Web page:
What Can Replace Battery Electrolyte?

Sports drinks, like Gatorade, do not have what batteries crave. They contain electrolytes, but that isn't the same as battery electrolyte. Hans Neleman / DigitalVision / Getty

Battery electrolyte is the liquid substance that's found in most car batteries. It's sometimes referred to as battery acid, because it's highly acidic. In fact, battery electrolyte is actually made up of a mixture of water and sulfuric acid.

When the electrolyte level in your batteries gets low, you may find yourself wondering what you can use to top it off. And if you remember the science courses you took in high school or college, you may find yourself wondering exactly what kind of electrolyte to use.

For instance, could you fill your battery with Gatorade, salt water, baking soda, or some other kind of electrolyte, in an emergency situation, to keep it from going dead?

The answer is no. Never put any kind of electrolyte in a lead acid car battery.

Although Gatorade contains electrolytes, salt water can act as an electrolyte, and baking soda, or sodium bicarbonate, can break down into electrolytes, you should never put any of these things in a battery.

If your battery electrolyte is low, the only thing you should ever add is straight water. There are some very specific circumstances where sulfuric acid can be added, such as if the battery tipped over and leaked, but never, ever add anything else.

What Does it Mean When Battery Electrolyte is Low?

When your mechanic, or a friend who knows a lot about cars, tells you that your electrolyte is low, they mean that the fluid level in one or more of the battery cells has dropped below the top of the lead plates.

Car batteries are composed of a series of lead plates submerged in a bath of water and sulfuric acid, which acts as an electrolyte, and it’s pretty important to make sure that the level never drops below the top of the plates.

If the electrolyte in a battery does drop below the top of the plates, and they are exposed to air, a chemical process called sulfation starts to take place. This process can drastically shorten the life of a battery, as it interferes with the normal operation of the cells, wherein the sulfuric acid in the electrolyte is absorbed into the lead plates as the battery discharges and then released back into the electrolyte when the battery is charged.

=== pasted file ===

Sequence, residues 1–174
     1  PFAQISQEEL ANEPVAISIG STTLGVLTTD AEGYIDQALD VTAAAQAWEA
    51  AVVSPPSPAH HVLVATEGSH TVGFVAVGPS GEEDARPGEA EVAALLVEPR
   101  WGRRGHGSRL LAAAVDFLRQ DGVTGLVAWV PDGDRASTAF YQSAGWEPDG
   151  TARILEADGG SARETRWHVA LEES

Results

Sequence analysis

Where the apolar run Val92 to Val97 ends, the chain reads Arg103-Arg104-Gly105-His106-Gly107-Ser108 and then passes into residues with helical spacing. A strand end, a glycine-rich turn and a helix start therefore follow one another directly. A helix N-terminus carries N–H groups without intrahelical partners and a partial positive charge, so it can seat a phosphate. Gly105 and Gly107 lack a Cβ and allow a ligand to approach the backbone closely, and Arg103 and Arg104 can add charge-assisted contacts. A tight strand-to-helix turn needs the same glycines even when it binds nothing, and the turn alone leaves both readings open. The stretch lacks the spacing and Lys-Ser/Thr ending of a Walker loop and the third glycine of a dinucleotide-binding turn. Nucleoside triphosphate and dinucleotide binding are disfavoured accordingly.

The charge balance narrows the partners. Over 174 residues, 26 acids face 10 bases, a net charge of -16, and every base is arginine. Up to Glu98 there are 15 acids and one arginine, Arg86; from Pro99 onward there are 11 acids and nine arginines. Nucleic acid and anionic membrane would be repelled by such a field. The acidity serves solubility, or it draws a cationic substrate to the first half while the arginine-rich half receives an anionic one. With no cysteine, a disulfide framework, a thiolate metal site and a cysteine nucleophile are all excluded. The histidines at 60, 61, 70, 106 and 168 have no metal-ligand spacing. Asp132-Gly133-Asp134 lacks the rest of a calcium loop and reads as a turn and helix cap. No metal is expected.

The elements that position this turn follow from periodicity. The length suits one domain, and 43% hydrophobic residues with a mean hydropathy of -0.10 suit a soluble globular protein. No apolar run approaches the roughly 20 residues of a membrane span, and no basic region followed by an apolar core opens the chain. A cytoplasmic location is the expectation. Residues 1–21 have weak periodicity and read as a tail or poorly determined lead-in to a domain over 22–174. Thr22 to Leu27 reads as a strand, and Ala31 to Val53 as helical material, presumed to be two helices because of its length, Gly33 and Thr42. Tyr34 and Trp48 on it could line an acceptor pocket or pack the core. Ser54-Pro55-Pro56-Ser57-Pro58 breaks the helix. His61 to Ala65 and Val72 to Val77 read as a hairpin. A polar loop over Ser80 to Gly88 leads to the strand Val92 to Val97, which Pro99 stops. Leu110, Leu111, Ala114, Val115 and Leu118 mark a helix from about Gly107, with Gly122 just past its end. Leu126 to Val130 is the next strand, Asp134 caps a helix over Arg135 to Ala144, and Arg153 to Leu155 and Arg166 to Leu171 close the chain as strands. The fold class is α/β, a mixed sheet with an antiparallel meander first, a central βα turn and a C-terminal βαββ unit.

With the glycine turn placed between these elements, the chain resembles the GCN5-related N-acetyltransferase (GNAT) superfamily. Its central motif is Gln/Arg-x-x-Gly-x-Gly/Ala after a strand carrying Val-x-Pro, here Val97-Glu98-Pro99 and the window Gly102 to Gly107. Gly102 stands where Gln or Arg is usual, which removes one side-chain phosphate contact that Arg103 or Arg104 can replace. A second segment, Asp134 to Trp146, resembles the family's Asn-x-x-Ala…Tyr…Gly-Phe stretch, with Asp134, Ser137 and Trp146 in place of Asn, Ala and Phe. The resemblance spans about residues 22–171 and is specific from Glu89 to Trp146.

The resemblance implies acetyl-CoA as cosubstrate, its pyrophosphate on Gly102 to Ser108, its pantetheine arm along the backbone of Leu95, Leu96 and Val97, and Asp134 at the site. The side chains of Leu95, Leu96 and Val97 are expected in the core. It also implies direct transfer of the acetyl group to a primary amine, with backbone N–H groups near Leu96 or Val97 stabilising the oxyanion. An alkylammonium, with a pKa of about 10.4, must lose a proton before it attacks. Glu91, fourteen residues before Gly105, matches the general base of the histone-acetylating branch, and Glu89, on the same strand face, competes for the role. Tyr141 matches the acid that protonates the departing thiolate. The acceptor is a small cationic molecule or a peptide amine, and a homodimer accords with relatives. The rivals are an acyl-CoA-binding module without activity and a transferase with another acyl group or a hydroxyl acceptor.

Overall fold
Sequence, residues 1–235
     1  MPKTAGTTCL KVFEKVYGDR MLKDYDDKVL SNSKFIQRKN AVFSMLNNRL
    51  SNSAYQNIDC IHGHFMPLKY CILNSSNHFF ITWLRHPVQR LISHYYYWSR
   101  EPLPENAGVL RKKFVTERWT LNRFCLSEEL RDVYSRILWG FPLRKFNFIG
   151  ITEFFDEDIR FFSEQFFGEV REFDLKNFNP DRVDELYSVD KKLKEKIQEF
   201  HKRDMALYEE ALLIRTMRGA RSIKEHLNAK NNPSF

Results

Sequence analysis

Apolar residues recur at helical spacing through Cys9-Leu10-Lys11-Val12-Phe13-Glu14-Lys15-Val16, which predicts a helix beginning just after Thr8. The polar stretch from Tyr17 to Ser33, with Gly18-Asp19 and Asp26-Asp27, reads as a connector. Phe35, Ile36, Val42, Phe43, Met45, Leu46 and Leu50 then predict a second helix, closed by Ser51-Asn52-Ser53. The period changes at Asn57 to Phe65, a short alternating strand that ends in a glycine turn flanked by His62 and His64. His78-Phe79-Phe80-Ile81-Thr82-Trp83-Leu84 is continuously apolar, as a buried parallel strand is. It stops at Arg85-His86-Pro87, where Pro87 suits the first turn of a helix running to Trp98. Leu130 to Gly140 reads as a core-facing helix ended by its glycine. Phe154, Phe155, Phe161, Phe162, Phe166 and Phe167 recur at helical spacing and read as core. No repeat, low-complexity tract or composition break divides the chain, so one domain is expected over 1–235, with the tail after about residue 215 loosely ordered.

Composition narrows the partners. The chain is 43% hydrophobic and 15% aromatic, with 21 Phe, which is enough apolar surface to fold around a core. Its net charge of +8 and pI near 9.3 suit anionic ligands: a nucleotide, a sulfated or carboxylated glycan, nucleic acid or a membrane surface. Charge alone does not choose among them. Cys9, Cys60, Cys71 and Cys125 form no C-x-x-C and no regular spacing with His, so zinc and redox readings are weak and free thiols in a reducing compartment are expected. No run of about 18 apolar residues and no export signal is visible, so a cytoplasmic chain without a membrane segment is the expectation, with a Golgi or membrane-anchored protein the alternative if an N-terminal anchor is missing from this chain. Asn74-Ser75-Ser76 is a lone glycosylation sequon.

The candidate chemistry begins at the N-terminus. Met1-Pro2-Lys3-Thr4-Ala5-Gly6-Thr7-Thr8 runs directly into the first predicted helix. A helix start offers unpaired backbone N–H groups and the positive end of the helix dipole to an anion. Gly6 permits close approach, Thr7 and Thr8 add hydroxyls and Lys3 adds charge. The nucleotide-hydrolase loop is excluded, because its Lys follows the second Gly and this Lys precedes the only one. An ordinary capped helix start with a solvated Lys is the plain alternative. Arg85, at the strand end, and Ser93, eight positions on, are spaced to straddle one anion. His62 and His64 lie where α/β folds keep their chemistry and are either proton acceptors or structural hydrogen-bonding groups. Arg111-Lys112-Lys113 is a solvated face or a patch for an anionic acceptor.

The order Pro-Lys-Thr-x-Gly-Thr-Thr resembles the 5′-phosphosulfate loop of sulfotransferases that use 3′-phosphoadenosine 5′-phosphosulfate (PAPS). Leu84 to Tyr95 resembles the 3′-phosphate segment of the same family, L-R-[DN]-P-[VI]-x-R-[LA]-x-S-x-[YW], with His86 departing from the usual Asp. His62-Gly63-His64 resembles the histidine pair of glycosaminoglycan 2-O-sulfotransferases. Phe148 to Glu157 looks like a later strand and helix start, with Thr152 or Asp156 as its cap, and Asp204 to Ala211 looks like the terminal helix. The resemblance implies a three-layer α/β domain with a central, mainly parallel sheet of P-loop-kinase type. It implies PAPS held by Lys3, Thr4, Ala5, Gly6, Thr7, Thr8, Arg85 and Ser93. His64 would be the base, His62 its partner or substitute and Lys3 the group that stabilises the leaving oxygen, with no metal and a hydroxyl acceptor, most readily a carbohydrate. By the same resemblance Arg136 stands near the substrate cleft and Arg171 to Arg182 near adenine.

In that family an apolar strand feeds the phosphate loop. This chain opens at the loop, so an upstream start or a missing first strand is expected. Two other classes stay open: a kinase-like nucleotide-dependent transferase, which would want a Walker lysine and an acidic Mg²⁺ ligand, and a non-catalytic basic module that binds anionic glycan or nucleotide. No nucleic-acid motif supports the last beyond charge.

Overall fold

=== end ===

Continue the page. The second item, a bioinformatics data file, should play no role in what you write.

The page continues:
Adding the Right Kind of Electrolyte to a Battery

Gatorade might have the right kind of electrolytes to replenish your body after a workout, but it doesn’t have what batteries crave.

The electrolytes in Gatorade and other similar sports drinks are primarily sodium and potassium, with smaller amounts of magnesium, calcium, and chloride. The other substances you may think of when hearing the term electrolyte, like saltwater and baking soda, also contain the wrong kind of electrolytes.

n the case of saltwater, the electrolyte is sodium chloride. Baking soda, on the other hand, is made up of sodium bicarbonate.​

Adding anything but water to a battery can instantly damage it, but some substances are worse than others.

For instance, baking soda can act to neutralize the sulfuric acid present in battery electrolyte. In fact, a mixture or paste of baking soda and water is one of the best ways to clean corrosion from battery terminals and cables.

Another example of an acid reacting to a base in a similar method is the baking soda and vinegar volcano experiment. That absolutely is not something you want happening in your car battery.

How Can Water Be an Electrolyte?

You may remember from science class that water, by itself, isn’t an electrolyte, so adding water to battery electrolyte might seem like a bad idea.

At first glance, it seems like you would just water down the existing electrolyte. The water can only be an electrolyte in the first place when mixed with sulfuric acid, so it stands to reason that you would have to top off a battery with a mixture of sulfuric acid and water instead of straight water.

The reason that you can add straight water to a battery to top off low cells is that when a lead acid battery loses water, it doesn’t lose sulfuric acid. Water is naturally lost during the process of electrolysis, and it can also be lost due to evaporation—especially in hot weather—while the sulfuric acid content doesn’t go anywhere, or is lost at a much slower rate.

An easy way to understand how this works is to think about what happens when you boil a pot of saltwater. The water evaporates, but the salt remains behind. If you add plain water to the pot, the salt mixes back in, and you have saltwater again.

The same thing happens when you add distilled water to a lead acid battery.

The only exception is if the fluid is low due to the battery tipping over. When that happens, the entire solution of sulfuric acid and water is lost. In that case, you need to fill the empty cells with a dilute mixture of water and sulfuric acid.

Prolonging Car Battery Life By Filling Electrolyte

Although you can prolong the life of a lead acid battery by keeping it topped off, leaving it empty, or allowing the charge to drain too low, can cause irreparable harm.

Once a battery reaches a certain tipping point, there's no coming back. So if a battery dies, and it won't accept or hold a charge when you try to charge the battery, after first topping off the electrolyte, you're probably dealing with irreversible sulfation.

The best way to prevent this type of situation from happening is to keep the electrolyte topped off as part of a regular battery maintenance schedule.

That knowledge isn't a whole lot of use when a dead battery has already left you stranded in less than ideal conditions, but keeping on top of it can help you avoid the same fate again in the future.